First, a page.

Thursday 22 February 2018

ECB was consulted on bank guarantee scheme

Letter to department told of governing body's concerns

Emmet Oliver and Dearbhail McDonald

THE European Central Bank (ECB) was consulted in the critical days leading up to the controversial 2008 banking guarantee as the Government struggled with Ireland's burgeoning financial crisis

It has emerged for the first time that the Office of the Attorney General (AGO) wrote to the Department of Finance just four days before the Government decided to introduce the controversial blanket guarantee.


The letter from the AGO was issued to officials in the Department of Finance to brief them on issues arising from consultations with the European Central Bank (ECB).

The ECB has a role to guard the financial stability of the eurozone and a guarantee like Ireland's would have had widespread ramifications.

The correspondence regard- ing the ECB consultation has been supplied to the Dail's Public Accounts Committee (PAC) but legal privilege or confid- entiality has been asserted over the document as it contains advice from the AGO.

The letter is one of 50 confidential documents, which include legal concerns by the AGO over the state-aid implications of a system-wide bank guarantee, which have been notified to the PAC.

The schedule of documents also reveal that Taoiseach Brian Cowen was being briefed about developments in the financial markets as far back as April 2008, shortly before the former Tanaiste and finance minister assumed the role of Taoiseach.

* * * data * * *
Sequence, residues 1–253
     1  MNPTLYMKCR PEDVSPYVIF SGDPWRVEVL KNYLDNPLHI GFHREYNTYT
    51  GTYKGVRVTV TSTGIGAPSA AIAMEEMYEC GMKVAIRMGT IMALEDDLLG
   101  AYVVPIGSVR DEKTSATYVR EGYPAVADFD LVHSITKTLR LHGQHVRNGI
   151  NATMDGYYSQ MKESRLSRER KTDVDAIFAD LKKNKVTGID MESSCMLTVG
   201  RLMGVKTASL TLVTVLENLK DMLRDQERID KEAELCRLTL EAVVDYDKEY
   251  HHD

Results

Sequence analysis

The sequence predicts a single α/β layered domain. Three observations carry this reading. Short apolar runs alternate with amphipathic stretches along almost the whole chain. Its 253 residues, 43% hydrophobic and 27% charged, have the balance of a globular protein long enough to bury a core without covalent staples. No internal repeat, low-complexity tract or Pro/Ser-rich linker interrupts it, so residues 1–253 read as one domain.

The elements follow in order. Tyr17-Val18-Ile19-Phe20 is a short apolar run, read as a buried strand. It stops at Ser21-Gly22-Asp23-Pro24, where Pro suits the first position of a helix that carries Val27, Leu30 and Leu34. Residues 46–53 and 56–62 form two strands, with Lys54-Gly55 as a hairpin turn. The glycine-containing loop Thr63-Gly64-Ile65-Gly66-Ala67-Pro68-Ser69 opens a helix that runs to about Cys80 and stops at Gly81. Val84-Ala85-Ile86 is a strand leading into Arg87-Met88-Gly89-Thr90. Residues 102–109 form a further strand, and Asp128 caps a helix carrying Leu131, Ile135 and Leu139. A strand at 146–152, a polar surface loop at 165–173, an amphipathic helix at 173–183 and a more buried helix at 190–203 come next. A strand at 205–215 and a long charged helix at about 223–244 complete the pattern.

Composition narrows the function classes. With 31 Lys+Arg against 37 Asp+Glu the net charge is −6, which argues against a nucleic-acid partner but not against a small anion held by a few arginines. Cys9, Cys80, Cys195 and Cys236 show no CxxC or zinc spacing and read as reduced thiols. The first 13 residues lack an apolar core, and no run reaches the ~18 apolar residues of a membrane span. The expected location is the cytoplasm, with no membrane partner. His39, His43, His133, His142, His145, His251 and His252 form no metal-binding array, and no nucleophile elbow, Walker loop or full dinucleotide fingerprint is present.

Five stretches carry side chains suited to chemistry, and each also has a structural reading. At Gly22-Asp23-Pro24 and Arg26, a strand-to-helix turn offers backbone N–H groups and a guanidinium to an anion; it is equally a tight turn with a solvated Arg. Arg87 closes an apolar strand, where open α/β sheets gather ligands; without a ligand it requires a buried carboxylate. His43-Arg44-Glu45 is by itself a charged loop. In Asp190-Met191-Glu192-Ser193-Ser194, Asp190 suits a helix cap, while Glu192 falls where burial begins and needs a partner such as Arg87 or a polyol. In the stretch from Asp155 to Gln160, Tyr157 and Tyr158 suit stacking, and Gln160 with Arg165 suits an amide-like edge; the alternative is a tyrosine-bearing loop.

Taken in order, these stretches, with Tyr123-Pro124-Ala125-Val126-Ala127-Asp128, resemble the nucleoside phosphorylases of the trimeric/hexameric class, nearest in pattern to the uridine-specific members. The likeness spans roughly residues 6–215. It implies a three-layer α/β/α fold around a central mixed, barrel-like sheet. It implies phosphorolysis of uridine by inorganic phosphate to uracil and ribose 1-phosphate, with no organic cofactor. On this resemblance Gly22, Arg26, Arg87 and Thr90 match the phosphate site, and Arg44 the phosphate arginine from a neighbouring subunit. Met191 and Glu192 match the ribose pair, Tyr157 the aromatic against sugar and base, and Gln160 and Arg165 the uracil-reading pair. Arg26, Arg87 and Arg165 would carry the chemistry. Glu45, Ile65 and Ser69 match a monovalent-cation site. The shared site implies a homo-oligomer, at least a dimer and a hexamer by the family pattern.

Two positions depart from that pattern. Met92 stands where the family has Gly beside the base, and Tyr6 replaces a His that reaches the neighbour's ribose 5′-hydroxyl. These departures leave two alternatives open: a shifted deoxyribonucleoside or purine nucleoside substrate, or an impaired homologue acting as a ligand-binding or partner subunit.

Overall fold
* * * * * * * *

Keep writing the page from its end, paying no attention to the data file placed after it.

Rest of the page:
The PAC, which acknowledges that confidentiality attaches to Cabinet and AGO material as well as certain documents that contain sensitive commercial information about individual banks, has now asked the secretary general of the Department of Finance, Kevin Cardiff, to waive privilege over the correspondence or key questions that triggered advices from the AGO.

Fine Gael TD Bernard Allen, chairman of the PAC, said that he believed that copies of the letters containing the questions which prompted the advice from the Attorney General should be made freely available to the committee to help gain a clearer picture of events leading up to the banking guarantee.

"We need to know what the catalysts were for the decision to introduce the guarantee," said Mr Allen.


"In this regard we are very much dependent on the good will of the department and we are unhappy that privilege was asserted over certain documents and letters."

The schedule of 50 key documents that have been withheld from the PAC include advices from Attorney General Paul Gallagher on the legal issues arising from Financial Stability Contingency Planning, draft discussion documents prepared by Goldman Sachs regarding strategic options and the state aid implications of the guarantee.

Irish Independent

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